ashamed, sad, bewildered, mad American
If a main problem in the Middle East is Israeli militaristic hegemony, historical precedents can lead to peaceful resolution.
When Israel invaded Egypt, Eisenhower threatened to end aid to Israel if they did not stop. The threat turned the armada around and stopped the war before it started. Since then the two nations enjoy peace.
Carter kept Begin and Arafat at Camp David for 17 days until Begin finally agreed to withdraw and remove the Sinai Settlements, thus establishing lasting peace in the area.
When Israel, with U.S. support, invaded Lebanon, 500 U.S. troops perished in explosions in a barracks and a returning plane. Finally, an angry Reagan phoned Begin and shouted, "Stop and get out!" And with tears in his eyes Reagan told surviving families that the invasion was the saddest regret of his presidency.
Neither G.W. Bush nor Clinton have displayed such courage, but if G.W. Bush will act courageously as an honest broker ô la Eisenhower, Carter, and Reagan, then peace shall prevail. So be it!
Jewel R. Johnson
Dear Sir or Madam
I am contacting you in the hope that you might be able to assist me. I am researching professional baseball players who served in the military during World War II. More than 1,000 major league players joined the armed forces between 1940 and 1945 -- many fought on far-off battlefields and some, sadly, never returned. More than 50 years have now passed and it is my fear that information on the military activities of these men will be lost if it is not gathered soon.
I am particularly interested in Eddie Kazak, who is from Austin. I would be very pleased to hear from anyone who may have information about his activities during the war.
My contact details are listed below and I thank you for your time, trouble, and anticipated co-operation.
55 Capel Road
I urge others to take action now to stop the nomination of John Ashcroft for attorney general -- here are three great reasons why:
1) Ashcroft voted:
2) He has received accolades from prominent ultra-conservative groups and institutions, for example:
3) He is opposed by many progressive organizations, such as People for the American Way, the NAACP, NARAL, LCCR, the Sierra Club, Planned Parenthood, and the National Council of Jewish Women.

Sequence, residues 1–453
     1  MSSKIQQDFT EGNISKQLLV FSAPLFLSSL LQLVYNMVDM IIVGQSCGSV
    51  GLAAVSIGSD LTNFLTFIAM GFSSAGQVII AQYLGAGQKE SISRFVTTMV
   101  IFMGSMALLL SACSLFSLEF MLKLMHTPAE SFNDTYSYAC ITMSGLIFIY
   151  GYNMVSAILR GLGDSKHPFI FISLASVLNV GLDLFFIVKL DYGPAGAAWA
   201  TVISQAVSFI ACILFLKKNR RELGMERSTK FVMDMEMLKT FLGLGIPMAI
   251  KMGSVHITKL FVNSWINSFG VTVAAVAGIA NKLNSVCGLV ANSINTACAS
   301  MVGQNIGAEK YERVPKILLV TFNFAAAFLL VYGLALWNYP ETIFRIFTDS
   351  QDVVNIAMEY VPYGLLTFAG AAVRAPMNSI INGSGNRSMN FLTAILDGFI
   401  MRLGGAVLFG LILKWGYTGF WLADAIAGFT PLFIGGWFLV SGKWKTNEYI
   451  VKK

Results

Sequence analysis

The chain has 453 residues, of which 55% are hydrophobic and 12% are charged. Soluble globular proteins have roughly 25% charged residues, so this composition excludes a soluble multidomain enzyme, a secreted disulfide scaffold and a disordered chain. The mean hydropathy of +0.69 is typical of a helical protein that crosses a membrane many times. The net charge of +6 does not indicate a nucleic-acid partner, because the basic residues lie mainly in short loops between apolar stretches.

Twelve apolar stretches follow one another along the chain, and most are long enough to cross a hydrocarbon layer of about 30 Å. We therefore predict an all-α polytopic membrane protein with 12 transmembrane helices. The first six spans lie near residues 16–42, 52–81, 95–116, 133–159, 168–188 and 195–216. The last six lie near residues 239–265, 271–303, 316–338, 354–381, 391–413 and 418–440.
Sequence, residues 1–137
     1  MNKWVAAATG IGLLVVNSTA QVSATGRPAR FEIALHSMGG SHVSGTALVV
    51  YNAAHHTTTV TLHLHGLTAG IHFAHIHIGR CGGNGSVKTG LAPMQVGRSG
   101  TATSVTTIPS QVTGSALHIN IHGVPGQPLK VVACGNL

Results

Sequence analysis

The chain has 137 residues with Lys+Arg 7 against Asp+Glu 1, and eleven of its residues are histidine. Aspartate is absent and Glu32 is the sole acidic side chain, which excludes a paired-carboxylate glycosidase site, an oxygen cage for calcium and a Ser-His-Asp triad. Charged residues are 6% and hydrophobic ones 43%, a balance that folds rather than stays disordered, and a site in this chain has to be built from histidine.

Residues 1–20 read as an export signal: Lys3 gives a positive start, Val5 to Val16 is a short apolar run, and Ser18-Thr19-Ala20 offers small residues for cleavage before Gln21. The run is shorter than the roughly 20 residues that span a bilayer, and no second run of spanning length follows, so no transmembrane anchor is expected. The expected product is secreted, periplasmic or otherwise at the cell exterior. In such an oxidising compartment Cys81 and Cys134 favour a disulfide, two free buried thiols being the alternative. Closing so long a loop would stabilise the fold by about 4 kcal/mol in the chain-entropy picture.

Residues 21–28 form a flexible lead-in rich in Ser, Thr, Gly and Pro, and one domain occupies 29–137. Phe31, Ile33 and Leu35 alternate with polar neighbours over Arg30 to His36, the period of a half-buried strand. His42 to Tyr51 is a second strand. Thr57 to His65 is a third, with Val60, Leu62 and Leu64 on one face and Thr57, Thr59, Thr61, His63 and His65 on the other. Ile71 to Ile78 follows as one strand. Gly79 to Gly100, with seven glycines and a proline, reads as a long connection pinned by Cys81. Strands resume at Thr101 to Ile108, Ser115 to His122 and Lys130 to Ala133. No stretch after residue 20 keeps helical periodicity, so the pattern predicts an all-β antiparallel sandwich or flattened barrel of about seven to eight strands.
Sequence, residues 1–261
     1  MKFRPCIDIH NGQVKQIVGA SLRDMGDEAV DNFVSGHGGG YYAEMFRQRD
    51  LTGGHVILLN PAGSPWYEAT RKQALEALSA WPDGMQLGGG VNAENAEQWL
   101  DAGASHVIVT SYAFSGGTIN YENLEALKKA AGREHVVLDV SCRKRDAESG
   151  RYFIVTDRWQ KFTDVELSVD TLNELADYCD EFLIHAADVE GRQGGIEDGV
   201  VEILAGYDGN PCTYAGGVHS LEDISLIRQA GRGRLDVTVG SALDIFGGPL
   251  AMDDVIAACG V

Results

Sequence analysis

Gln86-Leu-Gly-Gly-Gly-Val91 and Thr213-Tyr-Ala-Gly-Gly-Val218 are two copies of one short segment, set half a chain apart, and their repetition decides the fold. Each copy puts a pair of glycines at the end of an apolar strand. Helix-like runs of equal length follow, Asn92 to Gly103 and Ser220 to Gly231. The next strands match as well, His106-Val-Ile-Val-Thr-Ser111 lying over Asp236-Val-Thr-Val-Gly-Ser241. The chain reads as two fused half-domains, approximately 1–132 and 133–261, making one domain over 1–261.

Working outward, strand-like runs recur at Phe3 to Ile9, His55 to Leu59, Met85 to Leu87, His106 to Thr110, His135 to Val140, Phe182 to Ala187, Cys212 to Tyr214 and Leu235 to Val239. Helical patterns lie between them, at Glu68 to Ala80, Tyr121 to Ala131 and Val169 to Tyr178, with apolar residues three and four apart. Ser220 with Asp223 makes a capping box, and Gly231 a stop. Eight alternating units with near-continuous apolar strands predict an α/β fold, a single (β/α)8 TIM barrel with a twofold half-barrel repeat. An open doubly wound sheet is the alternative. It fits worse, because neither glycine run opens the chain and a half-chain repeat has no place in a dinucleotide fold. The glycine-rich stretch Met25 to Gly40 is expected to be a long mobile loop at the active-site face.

"There are voices in the Republican Party today who preach pragmatism, who champion conciliation, who counsel compromise. I stand here today to reject those deceptions. If ever there was a time to unfurl the banner of unabashed conservatism, it is now." -- John D. Ashcroft, Human Events, April 10, 1998
Linda Chavez' withdrawal from the Labor nomination had very little to do with her housing an undocumented person. She was already opposed by Democrats and others for major ideological reasons and would have faced nasty confirmation hearings. I'm sure this was a fight she was not looking forward to.
Chavez complained about Washington's so-called game of "search and destroy." No one needed to do any searching, she already had a bad reputation among Latinos, Blacks, women, and working people. It seems that she has been out to destroy the efforts of Americans to gain equality, fairness, and better wages. While supposedly helping a few people, she has denied millions of others by opposing needed programs and civil rights policies. Bush, in his usual obtuse fashion, hailed her as an advocate of "civil rights for everyone."
Linda Chavez was definitely not qualified to be Secretary of Labor in this new millennium. The fact that she worked under Reagan alone is enough for many to feel she is unsuited for such a position. She is a disgrace and insult to her race and gender. She's also an insult to labor. It would have been quite ironic indeed if such an anti-labor person were head of Labor! As the GOP's "good Mexican girl" she would have continued to work on their behalf and not on the behalf of minorities and working people.
Dear Editor and Readers:
First, there are serious questions as to whether a candidate who lost a national election by 540,00 votes is the legitimate president of the United States. Obviously, the founding fathers intended, set up the electoral college to reflect the majority vote. The press reports that Gore presently leads in Florida. I abstained, but the conclusion of this vote is obvious.
Second, are the daily press (newspapers) and national press reliable? Previous polls showed that 80% of the public did not believe they were reliable, but at this point, one wonders if they are just not promoting people they want in a position -- or have avoided any objective investigation or background check on candidates ... or just can't count.
Third, Bush has almost caused a recession, before even taking office. He stated, "I am worried about an economic slowdown," which is printed in USA Today. All the leader of the nation has to say is such a phrase and the majority will stop buying big-ticket items like cars, TVs, computers and families will start pulling their money out of stocks. Bush has already created economic chaos, and some Austin companies have shown a 45-degree drop since November, when he grabbed a presidency. The majority remembers the recession he caused as senior adviser to President Bush (he was living in Washington, D.C., when the recession hit).
Fourth, what would restore the economy? Certainly a huge tax break to the top 1% will not even increase their wealth. The top 1% own businesses or properties that must sell their products to the 99%. Therein, increasing the income of the 99% by $100 a month will enable them to buy more services from the 1% at the top. Second, Texas and California polls showed the majority wants the college grants to cover the cost of college -- as existed from FDR to Kennedy. The 90% decrease in college grants, due to Republicans, results in less than 35% of Texas college students being able to graduate from University of North Texas, ETBU, UT-Arlington, UT-El Paso, etc. Only an educated population, making higher wages, will be able to afford cars, computers, large homes, and newspaper subscriptions ... and keep these companies growing.
Let us provide 80% of a potential tax surplus to marketable college skills, and 20% as tax breaks to the 99% of the population. The phones are open and you may express this opinion to Bush, or live to regret it.
Frank D. Bartlett